Web-Hosting Troubles? How One Company Found a Solution By Building Their Own When their hosting provider fell flat--and customer files disappeared--Fileblaze decided to go it on their own.
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Week one of launch was great. It was early July and Fileblaze, a San Francisco-based company that provides bulk-file transfer and preview services--think 10,000 songs via e-mail, securely, in seconds--already had a loyal user base of 75,000, including execs at NBC Universal and a few Grammy Award-winning artists.
Week two was a disaster. The managed hosting provider--hired to handle server administration tasks and provide a dedicated server and technical support--experienced a crash, and thousands of user files were affected. Worse, the promised backup procedure wasn't in place. "The files were gone, poof, with no explanation or solution, because the fine, fine print said it wasn't their responsibility to back files up," Fileblaze founder and CEO Chuck Baker says. "We were saving 70 percent every month in [hosting] costs, but it seems to me like they were cutting corners and overselling."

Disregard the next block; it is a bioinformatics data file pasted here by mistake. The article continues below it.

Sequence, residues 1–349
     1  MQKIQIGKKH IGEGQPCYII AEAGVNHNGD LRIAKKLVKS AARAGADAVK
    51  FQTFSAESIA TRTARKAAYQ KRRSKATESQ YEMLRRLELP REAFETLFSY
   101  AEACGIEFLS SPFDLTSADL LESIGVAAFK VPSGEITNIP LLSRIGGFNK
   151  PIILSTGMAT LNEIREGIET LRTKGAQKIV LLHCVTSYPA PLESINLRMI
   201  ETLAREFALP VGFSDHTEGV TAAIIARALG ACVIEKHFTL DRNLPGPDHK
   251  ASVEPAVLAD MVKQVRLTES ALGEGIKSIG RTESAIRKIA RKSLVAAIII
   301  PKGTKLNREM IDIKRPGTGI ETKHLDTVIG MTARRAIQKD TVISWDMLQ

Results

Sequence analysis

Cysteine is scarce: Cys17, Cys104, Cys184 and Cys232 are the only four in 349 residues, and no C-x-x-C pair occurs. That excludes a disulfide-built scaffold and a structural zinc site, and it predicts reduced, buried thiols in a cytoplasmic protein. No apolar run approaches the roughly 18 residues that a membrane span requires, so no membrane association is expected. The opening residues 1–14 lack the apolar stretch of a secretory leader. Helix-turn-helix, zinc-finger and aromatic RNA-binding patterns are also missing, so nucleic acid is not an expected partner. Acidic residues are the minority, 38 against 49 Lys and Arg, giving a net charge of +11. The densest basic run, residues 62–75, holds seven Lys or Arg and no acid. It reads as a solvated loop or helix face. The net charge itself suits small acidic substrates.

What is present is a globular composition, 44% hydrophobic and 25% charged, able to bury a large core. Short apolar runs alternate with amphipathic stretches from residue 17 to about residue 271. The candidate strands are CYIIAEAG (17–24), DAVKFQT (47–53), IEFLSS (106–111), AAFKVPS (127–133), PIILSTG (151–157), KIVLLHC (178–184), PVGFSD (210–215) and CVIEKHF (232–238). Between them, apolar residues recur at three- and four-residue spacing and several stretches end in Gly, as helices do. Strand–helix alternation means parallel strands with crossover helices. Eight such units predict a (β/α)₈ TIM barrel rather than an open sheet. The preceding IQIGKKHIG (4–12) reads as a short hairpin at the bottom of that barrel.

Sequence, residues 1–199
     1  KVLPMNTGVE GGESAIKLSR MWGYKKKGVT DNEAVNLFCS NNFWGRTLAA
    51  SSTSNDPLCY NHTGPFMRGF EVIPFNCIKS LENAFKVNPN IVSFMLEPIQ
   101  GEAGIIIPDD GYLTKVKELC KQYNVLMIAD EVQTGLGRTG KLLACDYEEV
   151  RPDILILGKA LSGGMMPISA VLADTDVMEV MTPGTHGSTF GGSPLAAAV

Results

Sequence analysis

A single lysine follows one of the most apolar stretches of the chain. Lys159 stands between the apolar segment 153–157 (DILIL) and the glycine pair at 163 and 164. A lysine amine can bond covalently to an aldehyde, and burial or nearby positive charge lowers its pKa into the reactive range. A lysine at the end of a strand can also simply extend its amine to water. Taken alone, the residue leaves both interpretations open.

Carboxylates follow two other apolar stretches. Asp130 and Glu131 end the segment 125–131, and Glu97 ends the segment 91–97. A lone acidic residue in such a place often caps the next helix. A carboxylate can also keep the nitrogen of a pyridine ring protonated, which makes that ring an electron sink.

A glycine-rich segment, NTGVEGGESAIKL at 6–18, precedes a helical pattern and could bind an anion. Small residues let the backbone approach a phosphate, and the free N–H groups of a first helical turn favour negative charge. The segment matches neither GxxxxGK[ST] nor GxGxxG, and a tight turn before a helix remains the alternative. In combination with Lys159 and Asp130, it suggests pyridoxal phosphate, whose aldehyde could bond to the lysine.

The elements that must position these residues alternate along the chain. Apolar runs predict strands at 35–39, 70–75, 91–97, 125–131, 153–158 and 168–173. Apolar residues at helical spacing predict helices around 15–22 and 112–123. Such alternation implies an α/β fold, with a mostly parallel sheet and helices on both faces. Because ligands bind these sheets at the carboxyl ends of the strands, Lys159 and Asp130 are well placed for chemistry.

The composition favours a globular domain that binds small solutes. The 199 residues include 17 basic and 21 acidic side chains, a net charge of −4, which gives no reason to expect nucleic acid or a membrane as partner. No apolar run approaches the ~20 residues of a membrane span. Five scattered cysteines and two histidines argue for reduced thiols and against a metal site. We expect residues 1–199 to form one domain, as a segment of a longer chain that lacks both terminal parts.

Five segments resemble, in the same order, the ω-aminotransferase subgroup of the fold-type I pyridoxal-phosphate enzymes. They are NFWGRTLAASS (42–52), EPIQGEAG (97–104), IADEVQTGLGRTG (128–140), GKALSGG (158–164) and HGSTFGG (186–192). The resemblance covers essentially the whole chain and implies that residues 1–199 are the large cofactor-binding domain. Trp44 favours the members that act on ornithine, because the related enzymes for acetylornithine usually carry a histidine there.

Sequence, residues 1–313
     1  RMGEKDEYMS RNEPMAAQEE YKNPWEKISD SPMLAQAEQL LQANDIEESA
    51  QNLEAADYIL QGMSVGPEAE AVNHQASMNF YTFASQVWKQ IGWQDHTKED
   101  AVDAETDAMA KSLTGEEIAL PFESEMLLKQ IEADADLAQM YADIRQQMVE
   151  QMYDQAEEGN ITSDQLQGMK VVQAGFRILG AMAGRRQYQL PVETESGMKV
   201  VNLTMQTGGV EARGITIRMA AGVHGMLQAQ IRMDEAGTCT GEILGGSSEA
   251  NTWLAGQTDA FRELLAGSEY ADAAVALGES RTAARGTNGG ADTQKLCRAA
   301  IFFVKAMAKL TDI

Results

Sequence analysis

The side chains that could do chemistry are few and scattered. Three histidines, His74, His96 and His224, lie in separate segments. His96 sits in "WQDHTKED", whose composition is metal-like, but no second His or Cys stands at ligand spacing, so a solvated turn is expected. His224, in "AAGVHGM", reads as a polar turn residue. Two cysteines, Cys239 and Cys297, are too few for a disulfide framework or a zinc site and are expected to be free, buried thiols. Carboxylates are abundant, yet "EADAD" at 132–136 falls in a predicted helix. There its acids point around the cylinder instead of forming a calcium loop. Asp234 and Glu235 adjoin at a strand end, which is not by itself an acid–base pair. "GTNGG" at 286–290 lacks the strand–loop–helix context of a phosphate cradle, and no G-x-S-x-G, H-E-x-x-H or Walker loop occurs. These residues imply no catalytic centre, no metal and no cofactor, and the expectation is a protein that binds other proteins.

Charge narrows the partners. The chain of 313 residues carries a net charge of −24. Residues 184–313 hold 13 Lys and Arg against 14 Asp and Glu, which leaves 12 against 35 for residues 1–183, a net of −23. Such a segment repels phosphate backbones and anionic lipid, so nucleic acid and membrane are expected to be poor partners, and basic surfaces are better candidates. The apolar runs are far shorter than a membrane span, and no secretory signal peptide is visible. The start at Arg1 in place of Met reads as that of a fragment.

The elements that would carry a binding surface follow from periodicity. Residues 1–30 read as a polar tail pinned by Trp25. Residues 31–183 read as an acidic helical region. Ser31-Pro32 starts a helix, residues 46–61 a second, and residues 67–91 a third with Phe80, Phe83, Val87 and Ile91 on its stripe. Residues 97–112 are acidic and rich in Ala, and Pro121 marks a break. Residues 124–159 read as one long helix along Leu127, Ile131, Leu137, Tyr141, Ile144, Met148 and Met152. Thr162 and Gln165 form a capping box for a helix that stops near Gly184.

The fix: Baker sent out an alert and apology letter before most people noticed anything, along with instructions about what to do if affected; fortunately, sympathetic users responded with a spike in uploading traffic. With the potential customer service crisis averted, Baker immediately searched for other cloud-hosting providers, including AT&T Synaptic Compute, Amazon EC2 and Verizon's Terremark. In the end, he decided to cut out the middleman.